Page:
Idaho Attorney General Lawrence Wasden must investigate Madison County Sheriff Roy Klingler’s spending binge, funded on the backs of responsible gun owners.

Just days ago, Madison County resident Dan Roberts, a log home craftsman, asked Wasden’s office to look into potentially illegal spending decisions made by Klingler’s office.

Klingler and company, including Chief Deputy Ryan Kaufman, have been using concealed weapons permit fees to pay for items unrelated to the permit process. The Idaho Second Amendment Alliances believes Klingler and Kaufman violated Idaho law.

Between 2011 and 2014, the office spent more than $60,000 from a concealed weapons permit fee account to purchase interesting items: a used car for $14,000, pistols from a Twin Falls gun shop for more than $2,300 and carpet and tile for office spaces, at a cost of more than $30,000.

Idaho lawmakers narrowed state law covering how sheriffs handle and spend fees during the 2015 session in Boise. Even before the minor changes, though, we believe Idaho code prohibited sheriff’s offices from spending permit fees on anything unrelated to license administration.

Pistols, carpet and tile may be necessary for police work, but they’re not directly related to permit administration. That’s a problem.

What’s more, Klingler persuaded county commissioners to unanimously back a 38 percent concealed weapons permit fee hike in June 2013. The sheriff cried poverty, claiming his office couldn’t keep up with rising expenses associated with administration.

A few months later, Klingler’s office bought the pistols at the Twin Falls gun shop. Some months later in 2014, the office used the permit fees to purchase a used Chevrolet Cruze for a civil deputy.

Poverty? Not so much.

Keep in mind Deputy Attorney Prosecutor Troy Evans told commissioners in the June 2013 meeting the sheriff’s office should use fees for costs and nothing more. He even said the county shouldn’t “make money” off responsible gun owners.

Klingler and the commissioners, it appears, ignored the wise counsel.

Besides the potentially illegal spending, Madison County officials can’t agree who to blame. Klingler, who smeared critics by suggesting they are waging a “hate campaign,” told area news outlets he cleared the spending with commissioners and county attorneys.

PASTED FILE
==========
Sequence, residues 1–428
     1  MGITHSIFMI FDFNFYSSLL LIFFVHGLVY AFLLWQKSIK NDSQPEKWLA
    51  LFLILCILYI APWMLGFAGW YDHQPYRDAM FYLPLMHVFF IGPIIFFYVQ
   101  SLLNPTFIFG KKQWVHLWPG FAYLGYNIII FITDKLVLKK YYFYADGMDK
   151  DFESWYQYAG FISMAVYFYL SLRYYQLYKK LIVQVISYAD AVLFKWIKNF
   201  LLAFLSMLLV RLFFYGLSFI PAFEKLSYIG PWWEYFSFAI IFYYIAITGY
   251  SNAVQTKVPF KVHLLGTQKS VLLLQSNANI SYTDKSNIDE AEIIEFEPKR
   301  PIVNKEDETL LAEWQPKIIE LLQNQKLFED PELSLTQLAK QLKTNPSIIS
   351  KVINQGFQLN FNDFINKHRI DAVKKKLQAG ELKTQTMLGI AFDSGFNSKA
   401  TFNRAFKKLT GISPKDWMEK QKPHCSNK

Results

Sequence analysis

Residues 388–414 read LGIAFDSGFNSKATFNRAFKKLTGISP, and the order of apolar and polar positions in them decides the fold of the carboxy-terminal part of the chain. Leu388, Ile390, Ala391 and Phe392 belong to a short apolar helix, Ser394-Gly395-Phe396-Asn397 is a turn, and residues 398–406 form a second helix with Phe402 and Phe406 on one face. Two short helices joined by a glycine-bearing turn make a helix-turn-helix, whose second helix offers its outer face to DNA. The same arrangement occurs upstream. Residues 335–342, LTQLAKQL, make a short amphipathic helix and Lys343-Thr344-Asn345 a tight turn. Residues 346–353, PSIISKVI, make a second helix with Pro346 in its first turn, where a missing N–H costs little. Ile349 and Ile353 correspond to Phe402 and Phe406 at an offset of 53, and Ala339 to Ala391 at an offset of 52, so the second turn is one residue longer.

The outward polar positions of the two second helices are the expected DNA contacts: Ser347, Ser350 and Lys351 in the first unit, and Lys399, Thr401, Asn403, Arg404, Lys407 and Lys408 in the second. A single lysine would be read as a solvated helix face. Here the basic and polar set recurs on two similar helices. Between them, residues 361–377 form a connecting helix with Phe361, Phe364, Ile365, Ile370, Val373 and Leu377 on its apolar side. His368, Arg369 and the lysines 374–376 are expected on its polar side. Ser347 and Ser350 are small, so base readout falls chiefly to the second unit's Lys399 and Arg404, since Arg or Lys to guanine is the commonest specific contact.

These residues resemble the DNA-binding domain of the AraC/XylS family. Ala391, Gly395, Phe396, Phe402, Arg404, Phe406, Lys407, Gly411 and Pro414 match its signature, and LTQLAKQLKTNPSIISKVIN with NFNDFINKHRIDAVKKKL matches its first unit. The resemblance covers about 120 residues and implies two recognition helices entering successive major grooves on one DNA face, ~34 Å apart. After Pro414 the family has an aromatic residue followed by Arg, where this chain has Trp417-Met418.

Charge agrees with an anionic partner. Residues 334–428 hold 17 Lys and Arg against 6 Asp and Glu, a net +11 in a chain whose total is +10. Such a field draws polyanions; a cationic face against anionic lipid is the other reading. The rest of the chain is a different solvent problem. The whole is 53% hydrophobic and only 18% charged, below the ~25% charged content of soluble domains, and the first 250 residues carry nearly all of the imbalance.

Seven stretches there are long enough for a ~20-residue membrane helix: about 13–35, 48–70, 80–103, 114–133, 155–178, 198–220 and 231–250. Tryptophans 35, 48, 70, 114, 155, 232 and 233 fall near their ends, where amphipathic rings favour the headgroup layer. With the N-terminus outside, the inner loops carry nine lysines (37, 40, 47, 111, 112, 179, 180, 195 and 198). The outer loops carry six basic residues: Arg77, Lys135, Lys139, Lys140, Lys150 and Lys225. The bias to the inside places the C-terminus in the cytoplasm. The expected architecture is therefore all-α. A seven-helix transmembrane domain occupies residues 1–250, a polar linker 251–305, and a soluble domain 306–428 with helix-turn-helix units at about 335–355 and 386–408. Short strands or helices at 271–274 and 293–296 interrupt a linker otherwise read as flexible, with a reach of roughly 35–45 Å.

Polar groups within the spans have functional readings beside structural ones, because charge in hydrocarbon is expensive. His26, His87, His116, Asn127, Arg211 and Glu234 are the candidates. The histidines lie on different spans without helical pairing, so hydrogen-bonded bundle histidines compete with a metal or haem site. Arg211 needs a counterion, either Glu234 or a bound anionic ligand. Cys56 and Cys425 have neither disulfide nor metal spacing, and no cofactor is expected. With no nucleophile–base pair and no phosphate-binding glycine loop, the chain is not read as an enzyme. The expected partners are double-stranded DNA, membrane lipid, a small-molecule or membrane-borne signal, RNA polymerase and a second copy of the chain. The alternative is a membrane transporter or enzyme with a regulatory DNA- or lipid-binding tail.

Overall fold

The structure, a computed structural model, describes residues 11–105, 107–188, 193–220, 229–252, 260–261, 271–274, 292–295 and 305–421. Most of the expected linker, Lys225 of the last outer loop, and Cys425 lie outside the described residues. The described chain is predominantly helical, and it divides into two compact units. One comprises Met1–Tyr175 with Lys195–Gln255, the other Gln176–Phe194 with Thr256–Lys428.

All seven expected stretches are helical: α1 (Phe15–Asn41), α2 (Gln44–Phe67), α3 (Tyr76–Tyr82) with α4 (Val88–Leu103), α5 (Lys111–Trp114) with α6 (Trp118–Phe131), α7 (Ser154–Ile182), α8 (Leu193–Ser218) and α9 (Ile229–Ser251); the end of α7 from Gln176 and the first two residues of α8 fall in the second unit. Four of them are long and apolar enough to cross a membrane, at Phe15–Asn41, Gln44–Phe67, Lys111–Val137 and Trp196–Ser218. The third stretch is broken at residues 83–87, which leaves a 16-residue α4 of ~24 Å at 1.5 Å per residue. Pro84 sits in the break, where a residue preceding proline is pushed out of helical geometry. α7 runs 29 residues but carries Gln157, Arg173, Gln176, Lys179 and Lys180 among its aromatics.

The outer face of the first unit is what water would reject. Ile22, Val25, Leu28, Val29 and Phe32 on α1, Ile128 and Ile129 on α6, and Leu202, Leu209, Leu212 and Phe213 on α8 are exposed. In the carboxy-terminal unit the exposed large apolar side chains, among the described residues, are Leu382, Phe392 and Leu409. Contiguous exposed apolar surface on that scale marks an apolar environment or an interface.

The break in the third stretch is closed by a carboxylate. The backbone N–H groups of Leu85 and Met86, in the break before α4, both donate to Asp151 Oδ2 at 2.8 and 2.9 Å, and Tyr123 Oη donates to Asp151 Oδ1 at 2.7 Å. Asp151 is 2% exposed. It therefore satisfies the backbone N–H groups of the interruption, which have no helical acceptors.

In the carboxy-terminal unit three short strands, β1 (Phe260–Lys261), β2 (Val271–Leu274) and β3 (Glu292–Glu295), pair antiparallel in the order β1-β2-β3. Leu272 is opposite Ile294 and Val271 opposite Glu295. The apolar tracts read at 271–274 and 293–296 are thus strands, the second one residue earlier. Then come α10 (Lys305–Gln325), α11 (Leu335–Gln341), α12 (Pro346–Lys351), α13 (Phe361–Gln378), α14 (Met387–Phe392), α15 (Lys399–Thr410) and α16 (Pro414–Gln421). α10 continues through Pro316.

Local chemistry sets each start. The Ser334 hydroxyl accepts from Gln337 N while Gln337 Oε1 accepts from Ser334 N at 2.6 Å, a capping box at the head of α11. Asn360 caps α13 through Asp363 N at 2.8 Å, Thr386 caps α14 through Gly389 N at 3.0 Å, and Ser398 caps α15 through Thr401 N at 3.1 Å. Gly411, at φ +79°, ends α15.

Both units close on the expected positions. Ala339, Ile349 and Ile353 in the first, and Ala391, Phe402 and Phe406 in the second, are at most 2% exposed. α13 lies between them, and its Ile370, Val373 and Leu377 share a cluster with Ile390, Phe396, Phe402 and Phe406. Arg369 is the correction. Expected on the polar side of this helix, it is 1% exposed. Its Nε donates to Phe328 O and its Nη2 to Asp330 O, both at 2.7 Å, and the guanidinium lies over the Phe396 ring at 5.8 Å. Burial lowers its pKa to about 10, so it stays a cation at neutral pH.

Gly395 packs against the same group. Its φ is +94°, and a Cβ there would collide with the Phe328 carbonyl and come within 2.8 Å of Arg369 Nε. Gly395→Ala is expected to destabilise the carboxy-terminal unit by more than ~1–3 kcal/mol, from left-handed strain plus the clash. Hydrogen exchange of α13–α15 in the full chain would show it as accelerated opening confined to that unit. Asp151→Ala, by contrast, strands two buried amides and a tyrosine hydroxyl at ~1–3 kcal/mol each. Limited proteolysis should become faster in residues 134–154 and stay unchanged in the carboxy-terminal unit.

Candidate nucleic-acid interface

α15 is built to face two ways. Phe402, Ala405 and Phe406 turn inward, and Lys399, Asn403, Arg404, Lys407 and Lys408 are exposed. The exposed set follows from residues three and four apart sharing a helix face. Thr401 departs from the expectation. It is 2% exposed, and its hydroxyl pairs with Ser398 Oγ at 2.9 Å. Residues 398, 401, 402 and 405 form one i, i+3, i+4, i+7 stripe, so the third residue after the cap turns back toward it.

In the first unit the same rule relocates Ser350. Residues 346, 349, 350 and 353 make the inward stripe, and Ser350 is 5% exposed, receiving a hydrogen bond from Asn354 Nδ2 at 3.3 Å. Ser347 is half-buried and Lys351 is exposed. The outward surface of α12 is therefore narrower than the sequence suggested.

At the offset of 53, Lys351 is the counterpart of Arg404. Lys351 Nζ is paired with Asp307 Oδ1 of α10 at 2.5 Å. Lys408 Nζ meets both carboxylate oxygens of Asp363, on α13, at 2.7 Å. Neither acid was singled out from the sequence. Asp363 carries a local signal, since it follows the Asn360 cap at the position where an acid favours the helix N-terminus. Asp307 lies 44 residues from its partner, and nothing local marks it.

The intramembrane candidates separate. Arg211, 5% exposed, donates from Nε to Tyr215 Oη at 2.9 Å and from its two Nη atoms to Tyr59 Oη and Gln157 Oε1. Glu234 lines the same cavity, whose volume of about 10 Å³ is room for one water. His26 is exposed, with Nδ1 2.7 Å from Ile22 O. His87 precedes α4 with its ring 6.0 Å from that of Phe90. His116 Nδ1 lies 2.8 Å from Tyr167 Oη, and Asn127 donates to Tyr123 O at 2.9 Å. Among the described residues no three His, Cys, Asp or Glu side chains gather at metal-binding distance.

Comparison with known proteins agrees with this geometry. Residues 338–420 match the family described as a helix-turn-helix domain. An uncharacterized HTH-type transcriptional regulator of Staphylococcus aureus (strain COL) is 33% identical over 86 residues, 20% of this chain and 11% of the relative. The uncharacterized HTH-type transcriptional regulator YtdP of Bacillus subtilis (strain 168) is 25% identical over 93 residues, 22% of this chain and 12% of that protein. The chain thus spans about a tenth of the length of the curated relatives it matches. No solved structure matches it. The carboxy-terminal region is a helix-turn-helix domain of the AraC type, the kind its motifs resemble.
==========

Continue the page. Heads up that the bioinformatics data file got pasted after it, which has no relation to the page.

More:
Commissioners point the finger right back at the sheriff.

Todd Smith, a commissioner, told IdahoReporter.com weeks ago that he and his two colleagues didn’t approve the spending.

Is there any real oversight in Madison County? Or are Smith, Klingler and Kaufman playing responsible gun owners for fools?

More than anything, Roberts and others in Madison County deserve better from their elected officials. Instead of smear-style tactics, Klingler and his colleagues should have calmly explained why they chose to spend dollars potentially outside the law bounds of state law.

If Klingler can’t do that — or worse — commissioners need to hold the sheriff’s office to account. But even that seems too far a walk for this crew.

Madison residents deserve better. Loose spending with little or no oversight, finger-pointing and smear campaigns belong in Washington, D.C., not Rexburg, Tetonia or Victor.

Many gun owners have little problem following the law as written. A fee might seem onerous, but they want to uphold and sustain the law. Sadly, it appears Madison County officials just don’t feel the same way.

We hope Wasden picks up this ball and runs with it. It may be the only way Madison County residents ever get the truth they deserve.

Note: Greg Pruett is president of the Idaho Second Amendment Alliance. This post was first published in the Rexburg Standard Journal

Join the discussion

comments